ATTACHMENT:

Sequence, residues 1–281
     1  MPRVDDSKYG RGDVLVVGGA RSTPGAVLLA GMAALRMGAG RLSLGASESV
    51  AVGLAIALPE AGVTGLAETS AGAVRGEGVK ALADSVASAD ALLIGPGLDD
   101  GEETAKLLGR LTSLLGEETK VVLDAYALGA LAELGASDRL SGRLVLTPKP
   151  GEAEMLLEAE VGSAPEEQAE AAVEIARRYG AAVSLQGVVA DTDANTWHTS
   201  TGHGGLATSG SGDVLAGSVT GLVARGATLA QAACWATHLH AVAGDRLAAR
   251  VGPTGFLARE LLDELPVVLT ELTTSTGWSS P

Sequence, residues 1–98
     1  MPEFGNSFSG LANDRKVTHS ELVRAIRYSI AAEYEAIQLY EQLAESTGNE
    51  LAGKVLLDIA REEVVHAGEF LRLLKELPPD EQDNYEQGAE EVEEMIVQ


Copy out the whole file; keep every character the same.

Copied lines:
Sequence, residues 1–281
     1  MPRVDDSKYG RGDVLVVGGA RSTPGAVLLA GMAALRMGAG RLSLGASESV
    51  AVGLAIALPE AGVTGLAETS AGAVRGEGVK ALADSVASAD ALLIGPGLDD
   101  GEETAKLLGR LTSLLGEETK VVLDAYALGA LAELGASDRL SGRLVLTPKP
   151  GEAEMLLEAE VGSAPEEQAE AAVEIARRYG AAVSLQGVVA DTDANTWHTS
   201  TGHGGLATSG SGDVLAGSVT GLVARGATLA QAACWATHLH AVAGDRLAAR
   251  VGPTGFLARE LLDELPVVLT ELTTSTGWSS P

Sequence, residues 1–98
     1  MPEFGNSFSG LANDRKVTHS ELVRAIRYSI AAEYEAIQLY EQLAESTGNE
    51  LAGKVLLDIA REEVVHAGEF LRLLKELPPD EQDNYEQGAE EVEEMIVQ